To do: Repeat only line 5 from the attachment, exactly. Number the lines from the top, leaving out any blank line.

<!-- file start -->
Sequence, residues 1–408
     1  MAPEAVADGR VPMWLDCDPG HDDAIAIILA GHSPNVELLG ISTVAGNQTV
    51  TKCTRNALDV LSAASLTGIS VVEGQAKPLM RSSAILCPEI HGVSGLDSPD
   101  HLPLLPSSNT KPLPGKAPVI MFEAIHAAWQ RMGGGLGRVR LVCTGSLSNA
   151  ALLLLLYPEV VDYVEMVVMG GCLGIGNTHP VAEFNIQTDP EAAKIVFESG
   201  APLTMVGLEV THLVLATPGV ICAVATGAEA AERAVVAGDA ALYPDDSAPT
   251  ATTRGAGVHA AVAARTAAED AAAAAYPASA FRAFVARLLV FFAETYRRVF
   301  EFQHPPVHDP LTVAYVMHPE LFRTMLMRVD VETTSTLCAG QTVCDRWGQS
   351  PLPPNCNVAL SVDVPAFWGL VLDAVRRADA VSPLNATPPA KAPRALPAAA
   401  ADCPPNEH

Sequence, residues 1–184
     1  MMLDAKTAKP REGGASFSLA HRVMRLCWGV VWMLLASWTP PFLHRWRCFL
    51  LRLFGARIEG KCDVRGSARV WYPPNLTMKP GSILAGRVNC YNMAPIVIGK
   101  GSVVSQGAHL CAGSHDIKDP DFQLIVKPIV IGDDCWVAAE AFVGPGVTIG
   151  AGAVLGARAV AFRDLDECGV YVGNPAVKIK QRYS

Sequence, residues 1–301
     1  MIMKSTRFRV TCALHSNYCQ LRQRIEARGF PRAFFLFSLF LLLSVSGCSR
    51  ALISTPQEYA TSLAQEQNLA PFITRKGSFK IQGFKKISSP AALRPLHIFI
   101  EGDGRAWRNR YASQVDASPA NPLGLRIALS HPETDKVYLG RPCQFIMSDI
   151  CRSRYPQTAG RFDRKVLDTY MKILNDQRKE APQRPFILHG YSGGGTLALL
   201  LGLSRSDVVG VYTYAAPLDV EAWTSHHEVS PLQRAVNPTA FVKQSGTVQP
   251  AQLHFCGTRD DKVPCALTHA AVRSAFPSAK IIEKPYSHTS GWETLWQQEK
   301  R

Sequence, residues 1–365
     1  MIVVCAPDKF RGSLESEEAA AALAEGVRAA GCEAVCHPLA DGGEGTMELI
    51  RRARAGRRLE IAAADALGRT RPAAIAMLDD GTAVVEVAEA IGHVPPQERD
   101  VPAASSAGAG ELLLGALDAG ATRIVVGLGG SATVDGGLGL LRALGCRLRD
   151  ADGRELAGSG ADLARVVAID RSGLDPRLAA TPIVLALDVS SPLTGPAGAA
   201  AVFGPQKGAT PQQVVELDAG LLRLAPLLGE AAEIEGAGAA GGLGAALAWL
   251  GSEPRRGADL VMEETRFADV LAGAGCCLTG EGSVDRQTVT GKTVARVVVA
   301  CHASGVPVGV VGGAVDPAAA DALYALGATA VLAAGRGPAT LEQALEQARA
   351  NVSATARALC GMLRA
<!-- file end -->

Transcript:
   151  ALLLLLYPEV VDYVEMVVMG GCLGIGNTHP VAEFNIQTDP EAAKIVFESG